At any rate, the school you’re describing is (more or less) the school our daughters attend, slightly larger. The school district is the school and the school is the school district. Classrooms seldom number over 12 students. Teachers and staff are devoted and parents are highly involved. The physical assets of the school are used to support other community events. (For example, community members and their pick-up descend on the school when the 250-odd folding chairs the school owns are needed over at the community center.)

    But like the other successful co-op we’re a part of, the school fueled (at least to some degree) by money. Teacher salaries are high, sometimes well in excess of $100K, and the school is lavishly provisioned with resources (the upper grades even field a football team.)No doubt all of this goes a long way to maintaining moral.Report

  4. Avatar Trumwill says:

    As I said to EG, I can get on board with this idea as a supplement to public schools. And, preferably, as a supplement to larger systems run by professional educators who have to demonstrate the value they provide before I enroll my kids in their school.

    The RSA video has a lot of interesting ideas, but where it comes up short is where these ideas work in practice. Okay, the system as it exists has its problems (heaven knows I am a critic). But the system he describes, if improperly implemented, could be disastrous. Those sorts of ideas are often great in theory, and indeed can work out very well in closed environments with enthusiastic parents and administrators, but the immeasurability of progress combined with the assumption that young people truly want to learn and will continue to do so without prodding (indeed, that prodding drums the desire to learn out of young people) is problematic. It rests on the human tendency to assume that most people are more like them (they being educated and intellectually curious individuals) than they are.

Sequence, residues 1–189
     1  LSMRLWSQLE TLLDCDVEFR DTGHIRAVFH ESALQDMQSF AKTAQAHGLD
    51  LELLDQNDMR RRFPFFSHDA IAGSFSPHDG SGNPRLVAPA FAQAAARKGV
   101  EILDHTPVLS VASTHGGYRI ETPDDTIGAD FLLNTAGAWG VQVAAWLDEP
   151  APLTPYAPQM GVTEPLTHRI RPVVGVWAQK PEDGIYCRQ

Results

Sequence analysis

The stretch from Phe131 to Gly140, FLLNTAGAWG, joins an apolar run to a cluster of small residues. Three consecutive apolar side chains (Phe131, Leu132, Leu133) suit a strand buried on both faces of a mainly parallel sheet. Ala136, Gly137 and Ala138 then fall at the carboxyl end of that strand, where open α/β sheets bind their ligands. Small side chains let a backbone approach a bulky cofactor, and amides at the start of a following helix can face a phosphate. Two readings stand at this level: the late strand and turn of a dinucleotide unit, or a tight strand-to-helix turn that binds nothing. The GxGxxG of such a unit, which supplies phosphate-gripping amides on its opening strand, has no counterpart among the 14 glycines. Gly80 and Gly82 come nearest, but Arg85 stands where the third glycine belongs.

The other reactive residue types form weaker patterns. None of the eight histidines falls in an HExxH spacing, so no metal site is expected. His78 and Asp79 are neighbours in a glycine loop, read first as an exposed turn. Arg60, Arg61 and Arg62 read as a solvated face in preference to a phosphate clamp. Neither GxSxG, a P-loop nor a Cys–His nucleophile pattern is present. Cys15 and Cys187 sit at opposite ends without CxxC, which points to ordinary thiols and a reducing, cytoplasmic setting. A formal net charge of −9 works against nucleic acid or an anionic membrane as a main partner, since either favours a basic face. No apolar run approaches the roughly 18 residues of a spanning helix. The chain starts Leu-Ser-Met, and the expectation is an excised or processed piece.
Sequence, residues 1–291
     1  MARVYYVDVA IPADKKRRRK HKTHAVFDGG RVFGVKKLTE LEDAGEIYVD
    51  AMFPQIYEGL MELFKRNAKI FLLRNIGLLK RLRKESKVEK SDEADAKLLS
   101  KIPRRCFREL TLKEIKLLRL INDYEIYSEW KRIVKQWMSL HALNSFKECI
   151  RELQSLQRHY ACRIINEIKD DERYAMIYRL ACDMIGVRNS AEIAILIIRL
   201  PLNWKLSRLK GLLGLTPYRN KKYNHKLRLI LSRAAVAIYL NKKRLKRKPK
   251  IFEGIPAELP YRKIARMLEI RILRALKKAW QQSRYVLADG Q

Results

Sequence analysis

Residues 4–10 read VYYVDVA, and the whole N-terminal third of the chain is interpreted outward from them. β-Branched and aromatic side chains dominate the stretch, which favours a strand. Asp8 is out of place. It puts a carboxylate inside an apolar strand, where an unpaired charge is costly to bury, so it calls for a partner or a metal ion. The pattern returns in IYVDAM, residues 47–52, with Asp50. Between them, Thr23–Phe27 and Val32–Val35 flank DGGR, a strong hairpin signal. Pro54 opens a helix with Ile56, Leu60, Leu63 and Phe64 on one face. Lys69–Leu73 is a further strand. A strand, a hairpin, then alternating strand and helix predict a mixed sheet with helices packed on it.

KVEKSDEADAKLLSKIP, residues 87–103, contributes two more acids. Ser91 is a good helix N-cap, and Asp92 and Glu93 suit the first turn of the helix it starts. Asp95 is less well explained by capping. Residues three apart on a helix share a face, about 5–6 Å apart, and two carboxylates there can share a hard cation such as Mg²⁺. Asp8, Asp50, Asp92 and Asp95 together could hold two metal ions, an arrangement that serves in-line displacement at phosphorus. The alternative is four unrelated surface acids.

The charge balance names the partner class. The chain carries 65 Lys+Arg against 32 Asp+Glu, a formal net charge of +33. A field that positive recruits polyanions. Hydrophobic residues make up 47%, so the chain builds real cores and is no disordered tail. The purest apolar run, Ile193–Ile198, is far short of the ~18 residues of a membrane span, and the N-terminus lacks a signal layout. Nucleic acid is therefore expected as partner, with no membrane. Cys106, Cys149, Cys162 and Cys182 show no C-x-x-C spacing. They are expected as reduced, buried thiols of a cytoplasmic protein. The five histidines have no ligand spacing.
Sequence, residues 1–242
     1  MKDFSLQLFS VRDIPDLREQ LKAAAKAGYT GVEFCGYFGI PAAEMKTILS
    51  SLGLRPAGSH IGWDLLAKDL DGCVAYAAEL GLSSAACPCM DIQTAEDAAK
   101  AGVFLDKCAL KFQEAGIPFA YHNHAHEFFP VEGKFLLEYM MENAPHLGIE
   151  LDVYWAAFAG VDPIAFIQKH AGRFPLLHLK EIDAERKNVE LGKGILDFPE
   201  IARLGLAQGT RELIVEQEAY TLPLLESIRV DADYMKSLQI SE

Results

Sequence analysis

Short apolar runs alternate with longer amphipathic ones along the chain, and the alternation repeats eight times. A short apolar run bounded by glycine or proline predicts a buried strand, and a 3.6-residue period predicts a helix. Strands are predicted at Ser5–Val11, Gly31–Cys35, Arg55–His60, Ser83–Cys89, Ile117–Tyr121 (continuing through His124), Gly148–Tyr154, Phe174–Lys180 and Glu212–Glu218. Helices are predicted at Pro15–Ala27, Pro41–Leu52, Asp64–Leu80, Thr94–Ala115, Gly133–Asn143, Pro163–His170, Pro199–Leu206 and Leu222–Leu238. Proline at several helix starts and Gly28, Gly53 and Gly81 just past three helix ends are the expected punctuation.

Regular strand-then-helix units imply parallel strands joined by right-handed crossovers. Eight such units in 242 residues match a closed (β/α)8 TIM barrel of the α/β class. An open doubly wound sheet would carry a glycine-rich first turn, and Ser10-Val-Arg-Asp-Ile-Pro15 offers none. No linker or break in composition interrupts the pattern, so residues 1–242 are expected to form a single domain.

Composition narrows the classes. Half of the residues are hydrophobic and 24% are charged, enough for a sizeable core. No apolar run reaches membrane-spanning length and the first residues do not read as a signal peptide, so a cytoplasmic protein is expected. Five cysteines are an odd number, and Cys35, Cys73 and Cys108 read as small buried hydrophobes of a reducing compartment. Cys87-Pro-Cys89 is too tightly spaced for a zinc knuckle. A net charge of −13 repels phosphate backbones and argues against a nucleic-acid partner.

I would be very interested in any school looking to implement the sorts of changes described. But I would demand the ability to pull my kid out and put them in a factory school if I determined that it was not working (without paying thousands and thousands of dollars for the privilege).Report

    • Avatar E.C. Gach in reply to Trumwill says:

      As far as kids wanting to learn, I’m with you Simon, I don’t think they do. Delayed gratification is not most people’s strong suit, especially at the cognitive development level.

      I’m real cynical, and the larger part of me says, get rid of all yahoos who don’t want to be there but make it a pain for everyone else. Let them fail. Our incentive system hasn’t been working. And as a liberal I should probably suggest some sort of highly complex internship program where troubled (read: non-academic) kids are able to intern with working professionals, from sports medicine to welding, etc. Let them do real work, and get the real and immediate benefits that come from that.